Caramel Cake - Daring Baker's November Challenge

I was scared to make this cake.

When I saw what this month's Daring Baker's Challenge was, I was excited because it was something sweet and the last couple have been savory.    This cake comes from Shuna Fish Lydon, who is a professional pastry chef and writes the great food blog, Eggbeater.  I started reading all the comments by people who have previously attempted this cake and had real problems with it.  I was sure I would, too.   But Shuna had lots of detailed notes posted about how to deal with some of the challenges of this cake and I followed them thoroughly and did not have any problem at all.   The cake was moist and light and absolutely delicious.  The caramel frosting is outstanding.  So if you have the urge to make this cake, don't be afraid. It was pretty straightforward. It just takes a little time to make it properly.

Making the Caramel, Steps 1 & 2

I think one of the important things that Shuna emphasizes is the "dry, wet, dry, wet, dry" method of cake making. You must alternate adding the dry and wet ingredients, and do it very slowly and patiently. For additional notes by Shuna about how to make the cake, click here.

When you finish this recipe, you will have additional caramel sauce left over.  It won't take long to put it to good use!  You can even drizzle the extra over the cake slices.

The hosts for this month's challenge are Delores of Chronicles of Culinary Curiosity , Alex of Blondie and Brownie, and Jenny of Foray into Food . And if you need a gluten free version of this cake , you can turn to Natalie of Gluten-a-Go-Go.

For the full recipe for this cake, please go to this link on Bay Area Bites.

My previous Daring Baker's Post: Lavash Crackers with Peperonata Topping

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Last Minute Lemon Shrimp Pasta and a Review of Chicago's "Quince"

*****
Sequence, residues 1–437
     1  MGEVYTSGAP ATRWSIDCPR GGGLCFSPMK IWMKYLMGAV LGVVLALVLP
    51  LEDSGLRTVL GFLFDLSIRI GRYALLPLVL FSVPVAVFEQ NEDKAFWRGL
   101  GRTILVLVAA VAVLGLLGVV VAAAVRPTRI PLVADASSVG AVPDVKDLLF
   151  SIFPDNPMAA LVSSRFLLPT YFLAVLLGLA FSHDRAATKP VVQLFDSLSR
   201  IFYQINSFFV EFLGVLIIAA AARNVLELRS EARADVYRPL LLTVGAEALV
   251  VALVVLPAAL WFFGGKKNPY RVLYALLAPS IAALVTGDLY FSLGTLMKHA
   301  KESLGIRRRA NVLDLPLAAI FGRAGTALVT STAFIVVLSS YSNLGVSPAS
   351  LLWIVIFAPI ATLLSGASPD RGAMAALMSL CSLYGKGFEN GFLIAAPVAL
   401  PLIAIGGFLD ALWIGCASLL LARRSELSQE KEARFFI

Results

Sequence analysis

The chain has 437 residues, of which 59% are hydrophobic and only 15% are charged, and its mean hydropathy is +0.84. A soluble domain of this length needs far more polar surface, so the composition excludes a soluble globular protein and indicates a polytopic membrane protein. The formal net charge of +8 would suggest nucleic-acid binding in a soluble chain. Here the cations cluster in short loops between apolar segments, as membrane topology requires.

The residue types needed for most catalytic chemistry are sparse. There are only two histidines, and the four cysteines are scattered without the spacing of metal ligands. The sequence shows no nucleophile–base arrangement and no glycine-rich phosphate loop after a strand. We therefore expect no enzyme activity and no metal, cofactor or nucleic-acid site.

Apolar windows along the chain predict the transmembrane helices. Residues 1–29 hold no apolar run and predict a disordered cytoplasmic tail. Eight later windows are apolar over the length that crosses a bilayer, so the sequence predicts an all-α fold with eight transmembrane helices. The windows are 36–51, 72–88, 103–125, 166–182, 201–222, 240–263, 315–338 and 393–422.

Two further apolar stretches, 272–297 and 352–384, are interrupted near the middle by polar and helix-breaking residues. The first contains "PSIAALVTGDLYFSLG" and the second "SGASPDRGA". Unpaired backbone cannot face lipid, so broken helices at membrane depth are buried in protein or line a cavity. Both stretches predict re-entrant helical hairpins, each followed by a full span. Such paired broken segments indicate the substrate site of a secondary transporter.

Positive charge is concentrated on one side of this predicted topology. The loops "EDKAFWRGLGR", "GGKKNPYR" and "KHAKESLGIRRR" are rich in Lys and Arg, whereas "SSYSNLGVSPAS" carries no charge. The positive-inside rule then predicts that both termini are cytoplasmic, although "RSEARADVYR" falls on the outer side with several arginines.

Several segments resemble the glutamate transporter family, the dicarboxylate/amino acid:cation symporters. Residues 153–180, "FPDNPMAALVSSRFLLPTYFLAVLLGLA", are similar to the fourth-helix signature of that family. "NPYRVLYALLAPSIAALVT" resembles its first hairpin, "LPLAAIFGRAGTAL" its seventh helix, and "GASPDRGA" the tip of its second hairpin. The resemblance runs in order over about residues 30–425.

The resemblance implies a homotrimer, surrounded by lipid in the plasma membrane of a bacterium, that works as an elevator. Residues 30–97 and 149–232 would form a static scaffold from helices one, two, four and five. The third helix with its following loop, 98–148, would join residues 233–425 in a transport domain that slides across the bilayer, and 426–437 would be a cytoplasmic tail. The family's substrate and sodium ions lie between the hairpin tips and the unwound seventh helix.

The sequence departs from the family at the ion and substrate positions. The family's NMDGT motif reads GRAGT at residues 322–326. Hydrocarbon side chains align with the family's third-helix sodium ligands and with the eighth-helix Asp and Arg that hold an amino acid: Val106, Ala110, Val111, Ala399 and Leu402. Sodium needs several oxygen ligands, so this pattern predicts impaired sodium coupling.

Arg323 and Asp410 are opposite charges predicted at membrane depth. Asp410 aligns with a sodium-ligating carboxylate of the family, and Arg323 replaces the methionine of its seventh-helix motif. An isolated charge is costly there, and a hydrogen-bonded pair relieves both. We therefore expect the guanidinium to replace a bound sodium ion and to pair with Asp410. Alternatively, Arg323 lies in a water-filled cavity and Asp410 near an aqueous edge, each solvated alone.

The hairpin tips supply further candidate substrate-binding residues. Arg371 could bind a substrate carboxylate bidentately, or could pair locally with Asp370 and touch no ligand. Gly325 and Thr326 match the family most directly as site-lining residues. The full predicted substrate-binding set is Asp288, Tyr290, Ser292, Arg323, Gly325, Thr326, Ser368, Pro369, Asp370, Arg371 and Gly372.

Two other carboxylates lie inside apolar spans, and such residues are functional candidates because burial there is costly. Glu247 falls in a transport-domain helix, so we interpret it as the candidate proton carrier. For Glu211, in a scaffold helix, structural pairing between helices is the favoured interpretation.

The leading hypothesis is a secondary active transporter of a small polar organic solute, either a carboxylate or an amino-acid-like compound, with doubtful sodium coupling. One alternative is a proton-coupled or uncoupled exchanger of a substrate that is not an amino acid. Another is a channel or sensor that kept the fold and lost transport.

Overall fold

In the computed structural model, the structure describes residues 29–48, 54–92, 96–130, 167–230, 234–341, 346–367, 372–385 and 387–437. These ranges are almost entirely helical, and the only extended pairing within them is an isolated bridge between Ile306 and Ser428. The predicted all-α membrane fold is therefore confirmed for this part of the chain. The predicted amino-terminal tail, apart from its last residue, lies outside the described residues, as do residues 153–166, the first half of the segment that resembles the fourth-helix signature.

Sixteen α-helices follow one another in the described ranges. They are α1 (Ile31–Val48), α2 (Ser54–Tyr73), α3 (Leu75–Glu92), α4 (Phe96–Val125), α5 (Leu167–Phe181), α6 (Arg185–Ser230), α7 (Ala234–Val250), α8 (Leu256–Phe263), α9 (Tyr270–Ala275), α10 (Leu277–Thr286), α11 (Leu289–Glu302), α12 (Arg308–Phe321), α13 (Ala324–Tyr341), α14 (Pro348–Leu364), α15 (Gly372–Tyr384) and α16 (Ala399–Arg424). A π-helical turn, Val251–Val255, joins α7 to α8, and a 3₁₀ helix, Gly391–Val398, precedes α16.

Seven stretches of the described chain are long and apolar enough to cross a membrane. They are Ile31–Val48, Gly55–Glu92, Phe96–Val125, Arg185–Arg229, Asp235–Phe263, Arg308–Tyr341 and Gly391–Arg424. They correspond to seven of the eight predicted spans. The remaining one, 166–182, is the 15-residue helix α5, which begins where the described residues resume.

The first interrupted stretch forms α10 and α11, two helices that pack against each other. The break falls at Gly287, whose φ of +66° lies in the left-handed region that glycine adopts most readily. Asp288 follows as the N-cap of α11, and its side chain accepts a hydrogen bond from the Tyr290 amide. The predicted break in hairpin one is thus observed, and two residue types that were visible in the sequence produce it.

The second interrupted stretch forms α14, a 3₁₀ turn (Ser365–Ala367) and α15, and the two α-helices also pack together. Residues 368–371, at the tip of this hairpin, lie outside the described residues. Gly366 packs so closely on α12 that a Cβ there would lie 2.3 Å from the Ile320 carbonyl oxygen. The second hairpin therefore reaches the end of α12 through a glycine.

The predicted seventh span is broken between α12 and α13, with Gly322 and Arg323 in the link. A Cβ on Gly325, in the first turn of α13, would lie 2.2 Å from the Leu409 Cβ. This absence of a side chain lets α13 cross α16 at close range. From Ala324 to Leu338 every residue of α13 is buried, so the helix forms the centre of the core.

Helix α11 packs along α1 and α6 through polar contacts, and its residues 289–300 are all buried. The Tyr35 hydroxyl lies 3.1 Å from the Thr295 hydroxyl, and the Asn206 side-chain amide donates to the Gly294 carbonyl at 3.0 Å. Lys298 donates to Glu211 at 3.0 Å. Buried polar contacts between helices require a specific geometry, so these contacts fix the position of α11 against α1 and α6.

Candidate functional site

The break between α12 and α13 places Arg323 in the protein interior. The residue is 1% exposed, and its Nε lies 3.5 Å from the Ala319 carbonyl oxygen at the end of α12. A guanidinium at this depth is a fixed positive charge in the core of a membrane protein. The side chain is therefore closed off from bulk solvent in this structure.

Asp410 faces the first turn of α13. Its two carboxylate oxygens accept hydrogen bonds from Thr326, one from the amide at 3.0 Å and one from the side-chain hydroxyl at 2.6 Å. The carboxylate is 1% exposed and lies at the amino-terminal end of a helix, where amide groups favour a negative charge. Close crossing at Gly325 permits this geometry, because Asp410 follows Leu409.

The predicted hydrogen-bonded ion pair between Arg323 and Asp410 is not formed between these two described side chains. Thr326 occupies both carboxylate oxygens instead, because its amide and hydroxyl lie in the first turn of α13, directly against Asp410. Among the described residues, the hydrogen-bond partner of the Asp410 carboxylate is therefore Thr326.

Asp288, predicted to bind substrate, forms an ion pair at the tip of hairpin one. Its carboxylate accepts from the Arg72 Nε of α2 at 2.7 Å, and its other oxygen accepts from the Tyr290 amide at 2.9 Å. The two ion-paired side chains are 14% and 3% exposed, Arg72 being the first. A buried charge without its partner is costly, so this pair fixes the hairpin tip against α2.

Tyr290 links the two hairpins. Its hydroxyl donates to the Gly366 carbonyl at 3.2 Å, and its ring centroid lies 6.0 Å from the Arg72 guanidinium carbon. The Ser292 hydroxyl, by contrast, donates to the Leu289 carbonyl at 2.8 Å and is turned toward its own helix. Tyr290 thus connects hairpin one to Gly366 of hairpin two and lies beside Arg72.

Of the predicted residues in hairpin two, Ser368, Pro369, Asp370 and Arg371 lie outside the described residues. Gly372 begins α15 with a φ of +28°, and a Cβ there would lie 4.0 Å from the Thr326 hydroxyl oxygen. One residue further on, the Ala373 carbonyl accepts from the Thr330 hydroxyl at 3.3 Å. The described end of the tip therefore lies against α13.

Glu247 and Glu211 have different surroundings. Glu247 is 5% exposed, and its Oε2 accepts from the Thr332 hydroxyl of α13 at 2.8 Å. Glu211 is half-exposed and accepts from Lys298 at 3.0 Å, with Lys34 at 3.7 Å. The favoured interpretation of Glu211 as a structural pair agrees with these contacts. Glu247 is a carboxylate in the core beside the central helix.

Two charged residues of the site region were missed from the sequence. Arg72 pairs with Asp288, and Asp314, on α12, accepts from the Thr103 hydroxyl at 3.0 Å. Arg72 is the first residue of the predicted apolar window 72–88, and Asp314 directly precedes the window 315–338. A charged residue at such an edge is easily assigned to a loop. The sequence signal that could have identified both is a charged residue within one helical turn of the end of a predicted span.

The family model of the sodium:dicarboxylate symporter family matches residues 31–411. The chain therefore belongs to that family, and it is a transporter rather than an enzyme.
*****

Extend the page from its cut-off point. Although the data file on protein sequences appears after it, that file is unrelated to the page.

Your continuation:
We had to go to Chicago this weekend for a wedding and we got to have dinner one night with our oldest son, Barry, who goes to school there. I've always wanted to try "Quince", the restaurant which occupies the space where the famous five star "Trio" and Grant Achatz used to be. We had a great dinner there. The menu had me stumped because I wanted to try almost every single thing on it. And I was so disappointed in myself because I did not have the guts to take decent photos of the food - just these lousy low light ones. But I was way too conscientious to use my flash in such a nice place. Just what they need - another food blogger taking pictures of the food. But that food really deserved serious photos. If you want to see real photos of how the food was presented, go to their website. The dishes are real works of art.

We had two waiters the whole evening and they were just great. What a treat to have such outstanding service.

Quince has a selection of specialty martinis which are really interesting. Talk about a hard choice - I had the Quince Tini (pear vodka, pear puree, Apple Pucker, quince) and my friend Yvonne had the Green Tea-ni (dragonwell tea, earl grey-infused vodka, cointreau, honey) and Brian had a Tequitini (tequila, campari, pineapple juice). They sound great, don't they? They were!

The menu is a collection of cold and hot appetizers and entrees of seafood, meats and gnocchi. One thing I was disappointed with was there was not some kind of pasta on the menu. I was looking for some handcrafted pasta, like ravioli or something, just to see what Chef Hannon would do with it.

I started with the Shaved Asparagus Salad, which is something they are known for. It had a combination of shaved asparagus and whole asparagus dipped in tempura batter and fried , tossed with truffle vinaigrette and shaved parmesan cheese. Really special.

Here was Brian's scallop appetizer. I just loved the way they presented this.

For my entree, I had the yellowtail snapper with forbidden black rice over basil cream. The aroma when the waiter brought it to the table was wonderful.

I'm glad Brian ordered the short ribs with peas and carrots because I was dying to see how they were plated. It was a great presentation and I tasted the short ribs and they were outstanding. Don't you love how they did the peas and carrots?

See what I mean about my lousy photos.

My son had the ricotta gnocchi and they were light and delicious. We wanted to have a Sicilian wine and instead of ordering one of the Nero d'Avolas, we tried the Bonaccorsi “Val Cerasa,” Etna Rosso 2000 and we loved it. Always fun to try something different. The wine list was great.